5.0 out of 5 stars(1)
Name: The bright green color and keeled scales of the Gastropholis prasina give credence to their common name: the green keel-bellied lizard. This mostly arboreal species from the coastal forests of Mozambique, Tanzania, and Kenya, has a very impressively long prehensile tail.
Recommended Enclosure Size: A single adult animal should be kept in at least a 18x18x24 enclosure. Pairs have been successfully kept and bred in this size as well, but would benefit from something larger such as a 36x18x36 terrarium.
A bioactive setup with live plants is strongly recommended for this species; BioBedding is recommended to maintain live plants, springtails, and isopods. These arboreal lizards should be provided plenty of hiding spots along with ample horizontal and vertical climbing material. Large cork bark flats and tubes, live oak, manzanita, and other branches will all be appreciated by this very active species.
Temperature: Keep green keel-bellied lizards between 72-80 F. A basking spot of around 90-95 F should be provided. Temperature should be monitored with a digital thermometer, and hot spot can be checked with an infrared thermometer or temperature gun. Night temperatures should not fall below 68 F. These diurnal lizards should also be provided with a 5.0 or similar strength UVB light..
Humidity: Humidity is very important to this lizard and should be provided a humid setup between 60-70%. A well-ventilated enclosure should still be used while maintaining higher humidity. Plants can be added to help stabilize higher humidity as well as provide humid microclimates. Ambient humidity should be monitored with a digital hygrometer. Green keel-bellied lizards should be misted daily if not multiple times per day to provide and maintain this high humidity and to provide dew on enclosure walls and cage items from which they can drink. A shallow water dish should also be provided.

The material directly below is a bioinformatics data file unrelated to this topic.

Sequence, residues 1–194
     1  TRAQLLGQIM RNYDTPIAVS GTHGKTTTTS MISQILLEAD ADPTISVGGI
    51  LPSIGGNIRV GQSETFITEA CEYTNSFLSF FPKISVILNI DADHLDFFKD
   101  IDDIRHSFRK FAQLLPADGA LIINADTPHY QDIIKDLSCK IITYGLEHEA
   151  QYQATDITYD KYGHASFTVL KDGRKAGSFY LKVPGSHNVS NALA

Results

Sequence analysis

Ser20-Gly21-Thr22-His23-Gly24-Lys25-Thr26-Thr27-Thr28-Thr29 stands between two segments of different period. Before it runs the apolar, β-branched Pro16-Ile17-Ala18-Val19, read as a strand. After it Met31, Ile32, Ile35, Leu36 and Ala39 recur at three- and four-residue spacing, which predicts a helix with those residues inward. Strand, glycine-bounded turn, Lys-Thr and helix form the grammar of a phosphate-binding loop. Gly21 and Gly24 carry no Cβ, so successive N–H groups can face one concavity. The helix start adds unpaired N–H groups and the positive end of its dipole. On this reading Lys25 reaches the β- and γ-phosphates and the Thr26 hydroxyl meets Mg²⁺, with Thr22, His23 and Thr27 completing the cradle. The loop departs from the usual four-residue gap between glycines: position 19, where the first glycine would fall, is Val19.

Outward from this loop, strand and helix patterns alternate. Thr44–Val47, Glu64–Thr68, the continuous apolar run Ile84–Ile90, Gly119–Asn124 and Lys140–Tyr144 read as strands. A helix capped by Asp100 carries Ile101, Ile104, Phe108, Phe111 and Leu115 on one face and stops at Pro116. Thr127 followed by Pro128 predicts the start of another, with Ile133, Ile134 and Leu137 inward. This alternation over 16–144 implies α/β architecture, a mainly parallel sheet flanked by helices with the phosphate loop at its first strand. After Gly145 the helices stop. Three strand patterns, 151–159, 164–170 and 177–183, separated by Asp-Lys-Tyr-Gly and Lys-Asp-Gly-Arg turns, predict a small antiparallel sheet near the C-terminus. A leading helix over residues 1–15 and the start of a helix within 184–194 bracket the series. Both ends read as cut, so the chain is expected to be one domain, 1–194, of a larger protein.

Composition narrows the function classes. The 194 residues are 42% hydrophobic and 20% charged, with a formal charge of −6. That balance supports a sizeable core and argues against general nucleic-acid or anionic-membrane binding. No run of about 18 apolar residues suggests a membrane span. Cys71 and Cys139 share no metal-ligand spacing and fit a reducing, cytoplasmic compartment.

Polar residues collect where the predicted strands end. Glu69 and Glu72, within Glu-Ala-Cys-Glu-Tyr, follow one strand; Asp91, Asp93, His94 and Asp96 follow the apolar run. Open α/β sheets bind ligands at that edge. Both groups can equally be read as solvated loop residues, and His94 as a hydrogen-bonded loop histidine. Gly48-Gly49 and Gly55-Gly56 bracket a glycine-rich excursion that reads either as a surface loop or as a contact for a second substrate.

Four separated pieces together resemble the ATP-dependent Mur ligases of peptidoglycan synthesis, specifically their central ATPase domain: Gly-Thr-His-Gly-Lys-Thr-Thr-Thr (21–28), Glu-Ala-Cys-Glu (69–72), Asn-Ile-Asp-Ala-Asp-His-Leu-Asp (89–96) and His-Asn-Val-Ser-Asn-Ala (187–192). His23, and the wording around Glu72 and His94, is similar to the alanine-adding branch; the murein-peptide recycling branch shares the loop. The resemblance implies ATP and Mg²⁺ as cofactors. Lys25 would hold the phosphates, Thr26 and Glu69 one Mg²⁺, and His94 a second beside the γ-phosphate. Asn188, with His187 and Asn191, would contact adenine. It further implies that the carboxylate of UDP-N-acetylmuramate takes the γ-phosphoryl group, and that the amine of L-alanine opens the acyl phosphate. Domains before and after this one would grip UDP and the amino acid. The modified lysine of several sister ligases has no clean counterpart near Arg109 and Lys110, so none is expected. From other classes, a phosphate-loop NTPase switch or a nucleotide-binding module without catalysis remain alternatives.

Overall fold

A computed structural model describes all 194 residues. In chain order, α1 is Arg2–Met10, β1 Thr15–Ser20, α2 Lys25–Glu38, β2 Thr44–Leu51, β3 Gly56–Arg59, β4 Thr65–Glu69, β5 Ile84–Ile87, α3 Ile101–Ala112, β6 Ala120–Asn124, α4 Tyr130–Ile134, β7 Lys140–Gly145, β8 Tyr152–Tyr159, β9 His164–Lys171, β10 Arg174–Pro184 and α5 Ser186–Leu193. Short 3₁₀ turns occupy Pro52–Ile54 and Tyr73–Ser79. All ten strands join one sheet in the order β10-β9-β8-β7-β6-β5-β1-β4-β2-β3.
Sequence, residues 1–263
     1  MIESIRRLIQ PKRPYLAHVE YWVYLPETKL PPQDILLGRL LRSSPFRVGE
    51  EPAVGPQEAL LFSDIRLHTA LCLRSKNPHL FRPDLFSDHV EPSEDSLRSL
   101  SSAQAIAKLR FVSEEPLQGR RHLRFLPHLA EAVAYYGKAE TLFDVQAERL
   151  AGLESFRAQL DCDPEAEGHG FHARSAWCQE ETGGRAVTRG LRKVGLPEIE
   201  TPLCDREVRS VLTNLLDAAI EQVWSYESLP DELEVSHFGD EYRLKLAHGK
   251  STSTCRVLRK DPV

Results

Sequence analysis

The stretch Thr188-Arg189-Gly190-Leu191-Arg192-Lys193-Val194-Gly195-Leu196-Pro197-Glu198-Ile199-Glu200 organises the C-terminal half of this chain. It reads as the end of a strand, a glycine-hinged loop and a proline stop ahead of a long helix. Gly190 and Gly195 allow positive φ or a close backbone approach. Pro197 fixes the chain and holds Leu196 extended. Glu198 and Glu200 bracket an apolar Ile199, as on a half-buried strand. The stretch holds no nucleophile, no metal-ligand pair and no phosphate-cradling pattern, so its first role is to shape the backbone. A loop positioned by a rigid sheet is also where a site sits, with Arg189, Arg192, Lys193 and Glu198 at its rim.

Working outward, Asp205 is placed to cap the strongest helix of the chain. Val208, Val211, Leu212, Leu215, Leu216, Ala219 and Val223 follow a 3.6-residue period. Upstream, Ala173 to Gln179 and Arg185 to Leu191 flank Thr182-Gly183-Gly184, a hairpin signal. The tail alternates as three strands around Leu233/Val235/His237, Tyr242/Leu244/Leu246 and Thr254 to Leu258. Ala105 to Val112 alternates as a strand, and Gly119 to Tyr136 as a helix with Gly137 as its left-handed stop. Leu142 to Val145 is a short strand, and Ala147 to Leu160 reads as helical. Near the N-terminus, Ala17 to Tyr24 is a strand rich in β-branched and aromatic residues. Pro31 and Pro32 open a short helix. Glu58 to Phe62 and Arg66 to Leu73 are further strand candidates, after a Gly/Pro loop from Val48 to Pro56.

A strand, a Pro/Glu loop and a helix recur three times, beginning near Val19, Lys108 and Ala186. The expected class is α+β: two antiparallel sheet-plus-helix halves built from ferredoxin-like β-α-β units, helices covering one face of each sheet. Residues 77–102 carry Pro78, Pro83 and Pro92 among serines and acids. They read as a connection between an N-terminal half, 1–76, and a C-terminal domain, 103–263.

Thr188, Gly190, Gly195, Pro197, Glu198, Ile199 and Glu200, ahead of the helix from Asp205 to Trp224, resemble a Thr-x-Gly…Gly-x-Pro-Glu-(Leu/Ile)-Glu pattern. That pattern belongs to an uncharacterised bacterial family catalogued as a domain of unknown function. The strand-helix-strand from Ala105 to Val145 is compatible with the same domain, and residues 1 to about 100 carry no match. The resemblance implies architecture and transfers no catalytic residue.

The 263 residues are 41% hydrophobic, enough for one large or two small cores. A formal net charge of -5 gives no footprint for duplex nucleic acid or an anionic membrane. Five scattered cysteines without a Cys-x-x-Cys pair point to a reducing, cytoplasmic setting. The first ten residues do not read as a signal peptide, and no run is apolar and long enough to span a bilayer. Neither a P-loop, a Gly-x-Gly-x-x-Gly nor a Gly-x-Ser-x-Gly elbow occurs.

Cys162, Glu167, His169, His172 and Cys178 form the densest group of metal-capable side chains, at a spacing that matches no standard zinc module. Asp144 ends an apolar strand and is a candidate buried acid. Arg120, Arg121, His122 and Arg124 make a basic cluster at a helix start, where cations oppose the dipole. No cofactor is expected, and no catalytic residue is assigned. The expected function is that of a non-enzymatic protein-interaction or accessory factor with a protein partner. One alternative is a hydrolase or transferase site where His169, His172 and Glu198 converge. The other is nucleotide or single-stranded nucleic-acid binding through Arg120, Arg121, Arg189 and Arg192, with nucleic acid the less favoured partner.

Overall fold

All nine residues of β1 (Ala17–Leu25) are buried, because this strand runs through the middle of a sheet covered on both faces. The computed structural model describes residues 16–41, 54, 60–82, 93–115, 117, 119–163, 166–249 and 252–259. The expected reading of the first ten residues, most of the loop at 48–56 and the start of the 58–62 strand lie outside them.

Size: Green keel-bellied lizards are a long and slender lizard with impressively long prehensile tails. As adults, they can range between 10-16 inches long with tails. Hatchlings are around 3 to 5 inches.
Age: Green keel-bellied lizards are at least 4 weeks old when sold by Josh’s Frogs, at which time they are well established. It is estimated that these lizards live for around 10-15 years in captivity..
Feeding: Green keel-bellied lizards are insectivores. In captivity, they will thrive on a diet of daily feeder insects. Hatchlings and juveniles are large enough to take ⅛” crickets, or even ¼” crickets, and hydei fruit flies. As they get older, they can be moved to ½” and ¾” crickets. Other appropriately sized feeder insects, like dubia roaches, waxworms, and black soldier fly larvae, can also be occasionally offered but need to be provided in a food dish to be accessible. Feeder insects should be gutloaded and dusted with a calcium and multivitamin supplement. Individuals may also occasionally take fruit gecko diet mix, though this should be offered as a treat and not as a staple.
Sexing: Compared to females, males will develop far more exaggerated pores with age.
Color/Pattern:: This species exhibits a very bright green color; however, stressed out individuals will take on darker shades of green with bluish tints. The scales on its back are small, smooth and green, whereas the scales on its belly are yellow-green and keeled.
Social Behavior:: This lizard species is best housed as a pair or solo. Aggression can occur between males, females, or between a male and female, and individuals should be separated if any signs of bullying persist.